If there is a water problem in your area, things are different. Also, water can cost a lot in certain areas more than in other areas.

    In that case if one wants to reach true archival paranoid washing standard, there are chemistry products available to that end which allow deep washing without much use of water.

    For instance the Ornano catalogue states about the product "eliminatore di iposolfito IPONUL A 104": I suoi componenti staccano lo strato monomolecolare di iposolfito complesso adsorbito dall'emulsione che solo un lavaggio assai prolungato (2 - 3 ore) riuscirebbe ad asportare.
    Tr. Its components detach the monomolecular layer of complex hyposulphite adsorbed by the emulsion, that only a very prolonged wash [2 - 3 hours] could remove.

    The wording suggests that washing for 2 or 3 hours is not so useless as it might appear.

    Fabrizio

    PS I suppose this only applies to paper washing.
    Last edited by Diapositivo; 04-30-2011 at 02:47 PM. Click to view previous post history.
    Fabrizio Ruggeri fine art photography site: http://fabrizio-ruggeri.artistwebsites.com
    Stock images at Imagebroker: http://www.imagebroker.com/#/search/ib_fbr

  7. #7
    vpwphoto's Avatar
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    Quote Originally Posted by Diapositivo View Post
    Overwashing does not make any damage to the environment. The water goes to the sea, evaporates, becomes rain, and it ends up in you tap and the cycles begins again. That on the assumption that "overwashing" water is basically clean. It may certainly damage your wallet.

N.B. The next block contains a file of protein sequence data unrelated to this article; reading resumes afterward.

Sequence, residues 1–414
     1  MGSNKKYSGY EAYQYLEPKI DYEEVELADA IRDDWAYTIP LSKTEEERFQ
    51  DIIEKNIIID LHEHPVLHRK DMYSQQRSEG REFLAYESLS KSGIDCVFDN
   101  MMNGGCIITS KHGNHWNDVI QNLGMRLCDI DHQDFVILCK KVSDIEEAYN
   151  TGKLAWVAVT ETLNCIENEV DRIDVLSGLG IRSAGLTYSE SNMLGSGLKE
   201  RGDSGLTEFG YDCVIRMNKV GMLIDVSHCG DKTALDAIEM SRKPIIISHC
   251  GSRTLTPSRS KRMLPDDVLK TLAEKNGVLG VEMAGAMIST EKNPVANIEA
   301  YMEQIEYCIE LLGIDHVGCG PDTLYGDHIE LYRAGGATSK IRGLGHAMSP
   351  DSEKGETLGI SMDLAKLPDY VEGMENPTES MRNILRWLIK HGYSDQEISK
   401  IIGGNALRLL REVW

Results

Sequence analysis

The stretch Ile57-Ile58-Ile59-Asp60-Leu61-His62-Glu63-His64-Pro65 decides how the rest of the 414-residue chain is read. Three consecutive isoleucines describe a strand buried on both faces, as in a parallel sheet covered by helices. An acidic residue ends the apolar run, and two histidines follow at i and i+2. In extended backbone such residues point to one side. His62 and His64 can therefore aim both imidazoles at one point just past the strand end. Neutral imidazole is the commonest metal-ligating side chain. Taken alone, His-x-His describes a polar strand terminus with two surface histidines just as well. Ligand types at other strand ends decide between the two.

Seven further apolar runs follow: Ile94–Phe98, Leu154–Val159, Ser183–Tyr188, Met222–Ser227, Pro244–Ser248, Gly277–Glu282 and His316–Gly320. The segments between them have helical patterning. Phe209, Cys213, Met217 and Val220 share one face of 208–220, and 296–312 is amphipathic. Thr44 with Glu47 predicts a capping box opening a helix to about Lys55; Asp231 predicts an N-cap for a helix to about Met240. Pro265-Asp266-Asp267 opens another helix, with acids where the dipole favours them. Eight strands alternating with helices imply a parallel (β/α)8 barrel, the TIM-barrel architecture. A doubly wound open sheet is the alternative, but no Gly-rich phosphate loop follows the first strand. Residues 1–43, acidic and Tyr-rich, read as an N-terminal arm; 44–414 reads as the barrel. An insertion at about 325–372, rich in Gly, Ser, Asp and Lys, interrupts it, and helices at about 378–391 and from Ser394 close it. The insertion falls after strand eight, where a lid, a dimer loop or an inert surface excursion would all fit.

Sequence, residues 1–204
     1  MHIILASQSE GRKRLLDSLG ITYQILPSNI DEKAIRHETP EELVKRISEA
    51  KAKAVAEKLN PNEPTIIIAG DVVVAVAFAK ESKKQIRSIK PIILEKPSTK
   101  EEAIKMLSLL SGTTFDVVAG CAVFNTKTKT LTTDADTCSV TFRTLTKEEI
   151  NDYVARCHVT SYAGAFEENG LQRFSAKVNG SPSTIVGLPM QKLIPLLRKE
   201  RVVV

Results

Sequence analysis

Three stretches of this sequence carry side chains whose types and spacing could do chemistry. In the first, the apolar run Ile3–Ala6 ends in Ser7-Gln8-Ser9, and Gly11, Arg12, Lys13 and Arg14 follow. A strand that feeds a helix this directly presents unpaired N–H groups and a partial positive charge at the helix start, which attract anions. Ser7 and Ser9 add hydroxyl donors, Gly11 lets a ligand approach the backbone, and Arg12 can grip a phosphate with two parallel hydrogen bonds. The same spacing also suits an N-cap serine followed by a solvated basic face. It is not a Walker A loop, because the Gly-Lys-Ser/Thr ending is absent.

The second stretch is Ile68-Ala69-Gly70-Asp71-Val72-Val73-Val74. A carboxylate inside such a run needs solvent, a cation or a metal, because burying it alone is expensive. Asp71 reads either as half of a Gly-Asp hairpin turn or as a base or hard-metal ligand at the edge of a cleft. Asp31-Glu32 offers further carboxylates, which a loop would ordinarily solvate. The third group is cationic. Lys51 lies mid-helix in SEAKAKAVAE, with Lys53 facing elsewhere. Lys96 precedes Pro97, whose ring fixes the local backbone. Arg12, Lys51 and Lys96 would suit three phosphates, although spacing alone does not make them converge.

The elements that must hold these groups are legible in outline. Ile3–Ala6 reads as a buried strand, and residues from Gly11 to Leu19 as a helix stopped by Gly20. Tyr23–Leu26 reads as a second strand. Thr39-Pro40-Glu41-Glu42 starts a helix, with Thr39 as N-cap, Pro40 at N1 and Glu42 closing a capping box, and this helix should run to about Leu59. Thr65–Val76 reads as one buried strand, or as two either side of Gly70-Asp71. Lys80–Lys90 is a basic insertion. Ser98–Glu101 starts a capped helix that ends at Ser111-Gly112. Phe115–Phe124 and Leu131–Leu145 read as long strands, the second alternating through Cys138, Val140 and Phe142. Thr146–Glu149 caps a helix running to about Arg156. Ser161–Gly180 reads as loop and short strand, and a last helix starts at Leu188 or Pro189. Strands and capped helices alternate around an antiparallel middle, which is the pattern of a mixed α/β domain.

.
    You are mis-informed. Water tables are not finite with our pumping over-reaching long term replentishment. You will see this in the news more and more... National Geographic did a story on it a decade ago.

  8. #8

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    re-fixing and rewashing prints and films
    that may have been damaged because of
    poor fixing and poor washing doesn't remedy the problems
    that occur because of poor fixing and poor washing.
    conservationists ( photographic conservationists that is )
    would cringe at that suggestion ... i think a far more detrimental
    effect of photography is that since 1839 most people who have practiced photography
    have just poured their chemistry ( cyanide, mercury, uranium, silver, selenium &C ) down the drain
    or into the creek, or in the gutter &C without a second thought.
    i think that fixing and washing film and paper seems to be less of an issue ..
    besides using a product like perma wash or fixer remover greatly reduces washing times ( 5 minues for fb paper, 2 mins for films ) ...

  9. #9
    RalphLambrecht's Avatar
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    Quote Originally Posted by Ian Grant View Post
    Inversion and replenishment uses very significantly less chemistry than one shot rotation & dumping. ...
    Ian

    Please share your numbers for developer, fixer and all others. Or, are you exclusively talking about developer?
    Regards

    Ralph W. Lambrecht
    www.darkroomagic.comrorrlambrec@ymail.com[/URL]
    www.waybeyondmonochrome.com

  10. #10

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    I am on Ralph about rotation saving chemicals.

    But for print development, washing etc., can you use rotation method mainly? Sorry I thought you use rotation only for large print development. For small print development, reusing the tray is ok? Also, for washing of any print size, you have to use immerse and water flow method and rotation method is not ok?

    Bad concept and assumption of mine?